So, per the last couple of posts, I find it entirely possible that, as vendors develop tablets that double as PC's, they may replace traditional desktop and laptop computers. For the common end user who just needs a web browser and (maybe) an office suite, I don't think that's going to be a tough sell.
But there are markets that rely heavily on more powerful computing hardware.
One is PC gamers. Others are the various types of media creators: people who create images, music, movies.
I've already mentioned dumb terminals and software as a service (SaaS) as a major current trend, with programs like Google Docs running in a browser and working as an effective substitute for traditional locally-run programs like Microsoft Word.
Of course, a word processor is one thing; an enterprise-quality photo editor is another, and a game requiring split-second timing is something else again.
But developers are working on it.
Last year Adobe released a limited beta of a streaming version of Photoshop for ChromeOS. Photoshop itself doesn't run in the browser; the app is a Remote Desktop shell that interacts with an instance of the Windows version of Photoshop running on a remote server.
So, by definition, this is no replacement for the Windows version of Photoshop -- because it is the Windows version of Photoshop. But it demonstrates a potentially compelling alternative to buying expensive, high-end hardware just to run Photoshop: what if you could buy cheap hardware, and pay a subscription fee to run Photoshop on someone else's expensive hardware?
Reactions to the ChromeOS version of Photoshop seemed generally positive; I would expect it to have some latency issues, but I also bet it runs faster on a remote server than it did on the Core 2 I had to use at GoDaddy. (Hey, when I said the Core 2 Duo was the last chip most users ever needed, I said I wasn't including Photoshop.)
Adobe has already moved Photoshop's licensing to a subscription model instead of a purchase model. (A lot of people are very angry about this, but I haven't heard anything to suggest it's led to a drop in "sales"; that's the thing about monopolies.) It's not hard to envision a transition to a subscription model where you run the program remotely instead of locally. Hell, they could even charge more money to give you access to faster servers.
Other media development suites could, potentially, move to streaming services, but there are caveats. Uploading raw, uncompressed digital audio and video files takes a lot more time than uncompressed images. And what about storing your source files? My grandmother puts together home movies on her iMac, and she's got terabytes of data going back some 15 years. That's the kind of storage requirement an amateur filmmaker can rack up; now think of how much somebody who does it for a living might wind up with. If you're renting storage space on an external server, on a month-to-month basis, that could get pretty costly.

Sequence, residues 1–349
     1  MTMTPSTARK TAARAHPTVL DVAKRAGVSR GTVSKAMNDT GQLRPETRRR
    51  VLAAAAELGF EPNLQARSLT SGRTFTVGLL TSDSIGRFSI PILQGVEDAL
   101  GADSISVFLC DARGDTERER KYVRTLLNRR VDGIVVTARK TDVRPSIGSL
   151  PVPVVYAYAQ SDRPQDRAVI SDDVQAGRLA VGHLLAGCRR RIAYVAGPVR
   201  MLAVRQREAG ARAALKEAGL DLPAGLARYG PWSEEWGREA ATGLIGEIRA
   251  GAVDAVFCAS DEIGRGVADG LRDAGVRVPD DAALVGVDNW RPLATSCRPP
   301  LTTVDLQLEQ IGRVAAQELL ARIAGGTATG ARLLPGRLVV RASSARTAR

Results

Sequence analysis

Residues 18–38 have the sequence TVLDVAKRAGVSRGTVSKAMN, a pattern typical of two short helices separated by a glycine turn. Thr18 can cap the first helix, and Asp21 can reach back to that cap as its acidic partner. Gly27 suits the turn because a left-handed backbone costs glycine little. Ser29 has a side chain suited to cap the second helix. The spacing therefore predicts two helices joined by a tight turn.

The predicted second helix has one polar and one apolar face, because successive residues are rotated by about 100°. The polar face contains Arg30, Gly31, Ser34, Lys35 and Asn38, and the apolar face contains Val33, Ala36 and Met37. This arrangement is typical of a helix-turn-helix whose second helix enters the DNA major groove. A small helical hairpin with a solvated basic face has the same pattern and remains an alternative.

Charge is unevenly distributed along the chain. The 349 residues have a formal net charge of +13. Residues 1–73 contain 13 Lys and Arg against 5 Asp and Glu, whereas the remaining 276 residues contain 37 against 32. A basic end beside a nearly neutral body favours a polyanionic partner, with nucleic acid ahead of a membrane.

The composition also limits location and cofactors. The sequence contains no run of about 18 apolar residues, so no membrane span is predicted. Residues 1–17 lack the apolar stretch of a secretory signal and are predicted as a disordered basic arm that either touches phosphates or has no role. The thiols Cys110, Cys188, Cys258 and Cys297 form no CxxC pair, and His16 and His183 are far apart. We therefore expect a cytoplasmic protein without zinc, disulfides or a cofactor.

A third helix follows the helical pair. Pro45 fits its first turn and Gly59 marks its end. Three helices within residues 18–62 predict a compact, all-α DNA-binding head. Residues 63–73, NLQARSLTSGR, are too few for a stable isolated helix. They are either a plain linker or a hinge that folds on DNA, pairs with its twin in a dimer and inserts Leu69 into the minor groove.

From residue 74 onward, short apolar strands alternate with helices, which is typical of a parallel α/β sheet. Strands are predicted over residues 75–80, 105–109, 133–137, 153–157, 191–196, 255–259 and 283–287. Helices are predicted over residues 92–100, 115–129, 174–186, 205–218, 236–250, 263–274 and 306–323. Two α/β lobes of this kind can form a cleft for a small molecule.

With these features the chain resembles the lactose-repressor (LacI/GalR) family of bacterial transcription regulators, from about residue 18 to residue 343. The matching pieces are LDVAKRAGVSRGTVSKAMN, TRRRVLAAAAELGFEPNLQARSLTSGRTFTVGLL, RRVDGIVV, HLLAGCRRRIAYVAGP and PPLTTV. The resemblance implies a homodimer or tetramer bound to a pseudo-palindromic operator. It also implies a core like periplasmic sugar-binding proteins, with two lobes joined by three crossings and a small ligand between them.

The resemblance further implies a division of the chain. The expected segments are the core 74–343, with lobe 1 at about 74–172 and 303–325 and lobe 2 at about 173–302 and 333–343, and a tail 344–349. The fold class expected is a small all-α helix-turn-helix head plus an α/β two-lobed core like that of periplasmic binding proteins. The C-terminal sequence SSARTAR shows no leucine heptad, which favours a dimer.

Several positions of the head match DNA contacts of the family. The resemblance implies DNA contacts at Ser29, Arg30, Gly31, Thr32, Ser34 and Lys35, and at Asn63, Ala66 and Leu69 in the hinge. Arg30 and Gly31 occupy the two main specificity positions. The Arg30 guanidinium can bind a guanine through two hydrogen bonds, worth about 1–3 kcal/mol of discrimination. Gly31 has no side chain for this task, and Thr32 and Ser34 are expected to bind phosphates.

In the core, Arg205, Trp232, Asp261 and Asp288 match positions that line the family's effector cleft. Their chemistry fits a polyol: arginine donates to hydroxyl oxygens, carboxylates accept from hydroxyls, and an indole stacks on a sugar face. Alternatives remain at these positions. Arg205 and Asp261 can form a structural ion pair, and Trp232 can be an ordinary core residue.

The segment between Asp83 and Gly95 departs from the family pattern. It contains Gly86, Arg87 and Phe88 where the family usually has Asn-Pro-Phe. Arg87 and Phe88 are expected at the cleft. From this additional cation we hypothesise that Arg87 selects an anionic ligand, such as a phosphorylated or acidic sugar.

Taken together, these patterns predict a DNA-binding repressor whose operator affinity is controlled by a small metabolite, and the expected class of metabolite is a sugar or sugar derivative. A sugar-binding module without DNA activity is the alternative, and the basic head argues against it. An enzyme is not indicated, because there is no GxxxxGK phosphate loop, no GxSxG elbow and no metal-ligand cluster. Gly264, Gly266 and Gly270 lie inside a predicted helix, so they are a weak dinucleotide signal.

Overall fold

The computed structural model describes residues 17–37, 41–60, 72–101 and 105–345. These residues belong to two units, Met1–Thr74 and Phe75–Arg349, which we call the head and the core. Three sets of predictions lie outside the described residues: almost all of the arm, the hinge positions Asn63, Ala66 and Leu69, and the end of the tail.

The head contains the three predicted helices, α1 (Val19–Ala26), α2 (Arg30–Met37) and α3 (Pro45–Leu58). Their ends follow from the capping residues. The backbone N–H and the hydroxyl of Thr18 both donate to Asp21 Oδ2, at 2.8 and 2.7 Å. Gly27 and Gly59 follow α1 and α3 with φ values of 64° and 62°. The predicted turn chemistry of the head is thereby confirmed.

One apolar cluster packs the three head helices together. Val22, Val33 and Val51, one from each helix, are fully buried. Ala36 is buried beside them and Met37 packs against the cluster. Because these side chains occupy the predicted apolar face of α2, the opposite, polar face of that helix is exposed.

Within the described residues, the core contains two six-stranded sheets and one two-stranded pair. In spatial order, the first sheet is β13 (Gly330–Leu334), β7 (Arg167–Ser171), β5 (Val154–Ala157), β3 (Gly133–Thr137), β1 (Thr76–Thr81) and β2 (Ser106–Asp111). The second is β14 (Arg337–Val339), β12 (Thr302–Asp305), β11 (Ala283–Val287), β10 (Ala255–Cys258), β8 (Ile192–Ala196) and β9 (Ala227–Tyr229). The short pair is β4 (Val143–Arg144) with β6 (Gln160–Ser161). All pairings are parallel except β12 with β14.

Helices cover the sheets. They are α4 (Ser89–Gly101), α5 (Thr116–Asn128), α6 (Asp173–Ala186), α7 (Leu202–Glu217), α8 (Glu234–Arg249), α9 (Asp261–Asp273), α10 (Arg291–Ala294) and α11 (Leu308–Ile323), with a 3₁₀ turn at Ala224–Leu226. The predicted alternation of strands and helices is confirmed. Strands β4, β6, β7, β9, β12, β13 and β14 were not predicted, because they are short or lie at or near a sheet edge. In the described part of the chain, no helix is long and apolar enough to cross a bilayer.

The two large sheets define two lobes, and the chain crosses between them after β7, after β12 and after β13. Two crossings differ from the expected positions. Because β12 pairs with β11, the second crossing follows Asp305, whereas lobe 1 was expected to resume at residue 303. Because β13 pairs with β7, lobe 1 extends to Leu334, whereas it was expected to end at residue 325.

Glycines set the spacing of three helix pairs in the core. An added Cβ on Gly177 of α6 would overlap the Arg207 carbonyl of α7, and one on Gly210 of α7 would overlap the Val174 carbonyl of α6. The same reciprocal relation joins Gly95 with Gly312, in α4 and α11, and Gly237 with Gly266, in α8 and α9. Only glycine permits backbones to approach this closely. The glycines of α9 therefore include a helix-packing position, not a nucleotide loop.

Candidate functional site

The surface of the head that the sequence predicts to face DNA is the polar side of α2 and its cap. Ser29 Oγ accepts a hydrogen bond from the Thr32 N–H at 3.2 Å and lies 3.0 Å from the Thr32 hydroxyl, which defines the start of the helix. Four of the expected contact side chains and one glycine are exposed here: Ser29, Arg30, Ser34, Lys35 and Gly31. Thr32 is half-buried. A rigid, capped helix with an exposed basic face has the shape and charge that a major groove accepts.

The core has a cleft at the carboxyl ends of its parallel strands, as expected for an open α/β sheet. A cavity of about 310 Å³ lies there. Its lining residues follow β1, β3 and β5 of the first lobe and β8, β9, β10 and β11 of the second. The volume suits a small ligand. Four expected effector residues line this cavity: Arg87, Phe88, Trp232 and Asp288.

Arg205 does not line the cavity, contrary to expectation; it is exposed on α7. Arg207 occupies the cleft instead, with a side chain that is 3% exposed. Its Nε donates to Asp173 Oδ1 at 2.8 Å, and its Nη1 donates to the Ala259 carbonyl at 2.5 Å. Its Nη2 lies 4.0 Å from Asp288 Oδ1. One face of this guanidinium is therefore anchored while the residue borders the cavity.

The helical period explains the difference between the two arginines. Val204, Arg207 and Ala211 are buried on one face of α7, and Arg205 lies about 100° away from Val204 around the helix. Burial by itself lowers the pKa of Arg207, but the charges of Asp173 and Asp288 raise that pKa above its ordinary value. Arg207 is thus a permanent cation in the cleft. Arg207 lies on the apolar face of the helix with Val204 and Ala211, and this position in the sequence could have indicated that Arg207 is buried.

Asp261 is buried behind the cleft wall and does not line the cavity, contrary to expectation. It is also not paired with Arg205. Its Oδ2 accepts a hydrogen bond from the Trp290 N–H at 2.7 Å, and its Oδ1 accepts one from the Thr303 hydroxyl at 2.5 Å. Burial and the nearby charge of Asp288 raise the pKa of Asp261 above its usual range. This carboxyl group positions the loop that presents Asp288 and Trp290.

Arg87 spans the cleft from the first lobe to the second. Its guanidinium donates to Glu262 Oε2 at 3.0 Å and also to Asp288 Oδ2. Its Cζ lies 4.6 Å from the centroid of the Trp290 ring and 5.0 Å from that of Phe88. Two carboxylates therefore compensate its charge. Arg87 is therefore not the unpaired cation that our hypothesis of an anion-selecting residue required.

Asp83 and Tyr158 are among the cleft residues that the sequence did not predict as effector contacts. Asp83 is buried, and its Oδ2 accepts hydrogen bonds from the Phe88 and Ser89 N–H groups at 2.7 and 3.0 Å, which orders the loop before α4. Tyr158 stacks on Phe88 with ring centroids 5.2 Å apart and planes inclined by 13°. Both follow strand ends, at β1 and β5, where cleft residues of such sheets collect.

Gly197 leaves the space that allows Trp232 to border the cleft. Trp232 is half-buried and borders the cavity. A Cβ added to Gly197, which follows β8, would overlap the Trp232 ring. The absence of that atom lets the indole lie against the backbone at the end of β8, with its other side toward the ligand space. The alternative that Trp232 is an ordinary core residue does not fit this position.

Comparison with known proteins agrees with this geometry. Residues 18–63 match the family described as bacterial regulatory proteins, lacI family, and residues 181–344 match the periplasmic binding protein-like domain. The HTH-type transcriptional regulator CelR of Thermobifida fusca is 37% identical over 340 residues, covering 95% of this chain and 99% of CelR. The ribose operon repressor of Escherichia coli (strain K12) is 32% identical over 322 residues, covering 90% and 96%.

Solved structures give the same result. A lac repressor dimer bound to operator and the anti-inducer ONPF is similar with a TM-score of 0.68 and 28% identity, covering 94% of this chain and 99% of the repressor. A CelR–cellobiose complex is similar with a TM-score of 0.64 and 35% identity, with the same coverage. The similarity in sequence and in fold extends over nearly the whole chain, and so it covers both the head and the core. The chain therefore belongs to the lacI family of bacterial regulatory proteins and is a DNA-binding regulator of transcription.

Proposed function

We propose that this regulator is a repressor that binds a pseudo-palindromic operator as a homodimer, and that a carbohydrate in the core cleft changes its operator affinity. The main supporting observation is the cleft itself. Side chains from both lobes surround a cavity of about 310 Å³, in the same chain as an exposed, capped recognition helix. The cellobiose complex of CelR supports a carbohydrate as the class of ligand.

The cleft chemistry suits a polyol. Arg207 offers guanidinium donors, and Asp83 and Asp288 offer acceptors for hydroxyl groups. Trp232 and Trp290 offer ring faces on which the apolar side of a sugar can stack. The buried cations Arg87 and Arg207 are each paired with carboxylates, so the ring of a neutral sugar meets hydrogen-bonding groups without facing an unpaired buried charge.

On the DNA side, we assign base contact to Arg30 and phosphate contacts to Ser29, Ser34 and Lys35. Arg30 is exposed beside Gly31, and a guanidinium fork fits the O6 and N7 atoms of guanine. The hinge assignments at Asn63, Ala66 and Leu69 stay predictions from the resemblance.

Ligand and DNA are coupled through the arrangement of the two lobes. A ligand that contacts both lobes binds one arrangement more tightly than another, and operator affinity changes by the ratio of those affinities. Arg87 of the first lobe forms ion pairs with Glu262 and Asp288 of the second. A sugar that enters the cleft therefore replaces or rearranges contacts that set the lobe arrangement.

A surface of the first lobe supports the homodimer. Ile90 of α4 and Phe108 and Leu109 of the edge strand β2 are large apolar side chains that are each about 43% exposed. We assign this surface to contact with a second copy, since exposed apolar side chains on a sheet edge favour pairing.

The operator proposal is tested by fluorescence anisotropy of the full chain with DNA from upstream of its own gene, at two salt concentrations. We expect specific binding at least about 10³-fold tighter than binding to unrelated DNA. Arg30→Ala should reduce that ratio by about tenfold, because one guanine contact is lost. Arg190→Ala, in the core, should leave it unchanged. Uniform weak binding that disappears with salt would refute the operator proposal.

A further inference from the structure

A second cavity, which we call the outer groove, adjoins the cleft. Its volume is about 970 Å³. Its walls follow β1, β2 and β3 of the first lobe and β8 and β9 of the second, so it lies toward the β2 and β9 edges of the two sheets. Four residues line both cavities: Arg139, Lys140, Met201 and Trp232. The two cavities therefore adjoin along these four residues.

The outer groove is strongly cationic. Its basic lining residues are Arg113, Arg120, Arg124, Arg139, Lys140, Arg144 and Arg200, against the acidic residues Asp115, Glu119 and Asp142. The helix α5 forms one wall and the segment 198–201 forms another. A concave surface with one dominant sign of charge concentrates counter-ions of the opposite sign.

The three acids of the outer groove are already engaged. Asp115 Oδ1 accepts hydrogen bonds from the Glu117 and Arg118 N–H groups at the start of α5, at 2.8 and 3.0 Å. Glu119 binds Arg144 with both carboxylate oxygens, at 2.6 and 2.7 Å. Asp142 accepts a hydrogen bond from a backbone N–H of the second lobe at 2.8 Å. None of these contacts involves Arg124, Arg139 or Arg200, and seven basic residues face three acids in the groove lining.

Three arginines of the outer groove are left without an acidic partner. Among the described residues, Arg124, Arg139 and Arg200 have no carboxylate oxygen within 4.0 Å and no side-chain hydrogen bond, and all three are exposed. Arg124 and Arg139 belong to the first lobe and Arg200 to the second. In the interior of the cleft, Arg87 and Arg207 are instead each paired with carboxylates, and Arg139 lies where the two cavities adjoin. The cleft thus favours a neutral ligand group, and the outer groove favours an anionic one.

But it's technically feasible, at least, that audio and video editing could be performed on a remote server.
Recording audio is another story. Anything more complex than a simple, single-track voice recording is still going to require specialized mixing hardware. And transferring your recording to a remote server in real-time, without lossy compression? You'd better be sitting on fiber.
So I think we can put "recording studios" -- even the home-office variety, like mine -- into the category of Stuff That's Not Going Anywhere for Awhile.
Moving games to a streaming system is a challenge -- but I'm not sure it's as big a challenge as recording studios. It's more or less the same requirement as Photoshop: take simple inputs from a human interface device, send them to a server, have the server run them and respond accordingly, stream the video output back to the client. The trick is managing to do that in real-time with minimal loss of audio and video quality. That's the challenge -- but engineers are working on it.
The OnLive streaming service was a failure, but Sony bought it out; it sees value there. nVidia's got its own streaming solution too, in GRID. One of these things is not like the other -- Sony sells consoles at a loss and would stand to benefit from selling cheaper hardware, while nVidia makes a ton of money selling expensive graphics cards to enthusiasts and surely doesn't want to cannibalize its own market -- but obviously there's more than one type of gamer, and the people who shell out over $300 for a graphics card are in the minority.